Westpac has begun the migration of data to a new offsite private cloud environment operated by IBM in two data centres in Australia as part of a strategy to save money on data storage and stay at the forefront of new technologies.
The massive project is a key element in the bank's 'hybrid-platform-as-a-service', with the aim of combining the use of public and private cloud environments to reduce complexity, costs and respond faster to customer needs.
The Hpaas project has already included investments in Panorama for BT, a customer service hub and a big data platform alongside the use of public clouds operated by the likes of Amazon.
“It has been a big and complex project,” says Westpac chief information officer Dave Curran of the offsite go-live. “And it is a vital step in our hybrid cloud strategy, vastly accelerating speed to market.”
He says the new IBM environment was built as an “evergreen platform” with minimal application set-up and maintenance costs by using APIs to allow developers to integrate with the infrastructure.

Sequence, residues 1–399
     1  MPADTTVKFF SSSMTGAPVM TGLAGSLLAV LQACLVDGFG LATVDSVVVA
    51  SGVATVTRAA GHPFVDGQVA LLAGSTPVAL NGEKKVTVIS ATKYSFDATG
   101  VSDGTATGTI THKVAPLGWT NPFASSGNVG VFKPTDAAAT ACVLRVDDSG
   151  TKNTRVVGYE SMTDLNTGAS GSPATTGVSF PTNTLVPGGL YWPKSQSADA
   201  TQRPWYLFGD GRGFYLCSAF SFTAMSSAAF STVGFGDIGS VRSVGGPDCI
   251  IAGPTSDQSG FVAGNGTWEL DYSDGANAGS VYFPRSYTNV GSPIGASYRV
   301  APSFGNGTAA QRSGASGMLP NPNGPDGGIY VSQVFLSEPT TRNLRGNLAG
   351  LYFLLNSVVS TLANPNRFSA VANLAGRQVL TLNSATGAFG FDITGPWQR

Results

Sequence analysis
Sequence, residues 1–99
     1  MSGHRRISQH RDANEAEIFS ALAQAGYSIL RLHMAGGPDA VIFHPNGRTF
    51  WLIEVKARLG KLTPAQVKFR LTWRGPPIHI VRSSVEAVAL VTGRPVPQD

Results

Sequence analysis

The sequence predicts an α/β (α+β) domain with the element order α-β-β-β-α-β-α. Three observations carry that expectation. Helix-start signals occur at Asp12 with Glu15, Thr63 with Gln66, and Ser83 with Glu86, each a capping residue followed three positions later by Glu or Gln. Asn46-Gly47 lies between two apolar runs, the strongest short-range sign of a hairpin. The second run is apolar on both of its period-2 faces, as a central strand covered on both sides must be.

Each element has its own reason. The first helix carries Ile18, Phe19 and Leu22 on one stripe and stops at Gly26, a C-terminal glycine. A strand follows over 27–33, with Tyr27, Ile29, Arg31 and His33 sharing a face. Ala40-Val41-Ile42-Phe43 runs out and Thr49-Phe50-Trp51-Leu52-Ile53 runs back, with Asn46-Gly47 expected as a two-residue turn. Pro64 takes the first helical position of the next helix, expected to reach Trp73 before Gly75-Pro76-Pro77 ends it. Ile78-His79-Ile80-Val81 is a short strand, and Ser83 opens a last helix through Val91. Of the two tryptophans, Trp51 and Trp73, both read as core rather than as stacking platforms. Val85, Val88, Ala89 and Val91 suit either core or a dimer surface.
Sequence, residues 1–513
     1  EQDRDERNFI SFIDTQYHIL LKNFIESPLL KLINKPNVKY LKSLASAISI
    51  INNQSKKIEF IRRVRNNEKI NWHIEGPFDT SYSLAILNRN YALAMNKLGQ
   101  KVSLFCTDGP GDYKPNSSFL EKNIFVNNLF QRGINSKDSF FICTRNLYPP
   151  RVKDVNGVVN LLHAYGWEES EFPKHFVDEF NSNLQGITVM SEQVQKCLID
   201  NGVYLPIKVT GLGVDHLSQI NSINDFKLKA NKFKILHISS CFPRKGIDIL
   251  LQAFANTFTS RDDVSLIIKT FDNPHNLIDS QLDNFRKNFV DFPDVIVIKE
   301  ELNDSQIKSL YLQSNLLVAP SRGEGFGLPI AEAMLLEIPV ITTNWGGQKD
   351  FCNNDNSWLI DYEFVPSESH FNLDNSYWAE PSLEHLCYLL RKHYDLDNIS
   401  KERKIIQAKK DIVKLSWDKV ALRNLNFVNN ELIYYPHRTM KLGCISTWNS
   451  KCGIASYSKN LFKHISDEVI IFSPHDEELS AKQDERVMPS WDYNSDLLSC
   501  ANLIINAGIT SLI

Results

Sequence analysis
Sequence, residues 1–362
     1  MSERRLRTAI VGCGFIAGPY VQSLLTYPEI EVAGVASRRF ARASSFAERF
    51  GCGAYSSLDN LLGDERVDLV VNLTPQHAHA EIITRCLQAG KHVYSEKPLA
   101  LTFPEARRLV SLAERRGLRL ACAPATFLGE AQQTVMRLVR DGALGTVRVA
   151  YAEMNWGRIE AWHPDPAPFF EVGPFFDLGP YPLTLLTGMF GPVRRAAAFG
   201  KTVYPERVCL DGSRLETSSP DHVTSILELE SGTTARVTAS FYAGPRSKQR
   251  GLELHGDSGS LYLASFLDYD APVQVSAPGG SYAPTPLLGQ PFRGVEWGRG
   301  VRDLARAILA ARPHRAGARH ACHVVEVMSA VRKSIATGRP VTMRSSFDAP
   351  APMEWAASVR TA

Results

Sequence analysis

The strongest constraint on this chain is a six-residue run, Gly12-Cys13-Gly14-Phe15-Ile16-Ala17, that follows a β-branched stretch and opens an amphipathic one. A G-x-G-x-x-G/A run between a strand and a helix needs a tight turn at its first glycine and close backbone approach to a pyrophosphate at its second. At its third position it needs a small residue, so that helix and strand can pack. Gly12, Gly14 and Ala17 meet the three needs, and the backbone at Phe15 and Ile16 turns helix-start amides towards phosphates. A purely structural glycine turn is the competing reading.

The new private cloud will include infrastructure associated with the core customer service hub, regulatory compliance and Open Banking applications.
Having already moved as many as 30 applications to the cloud since the middle of last year, Curran says the off-site infrastructure will enable a “massive” drop in the time and cost to set-up and host applications.
“What historically took weeks is now automated and happens in hours. For example server provisioning has gone from two to four months to two to four hours and application installation will be reduced from months to hours,” he says. “We are able to keep our technology current; scale-up and down on demand, and deliver efficiency gains through increased automation.”
Curran says the bank's aim is to host 70% of applications in the cloud within the next three years, and 100% within a decade.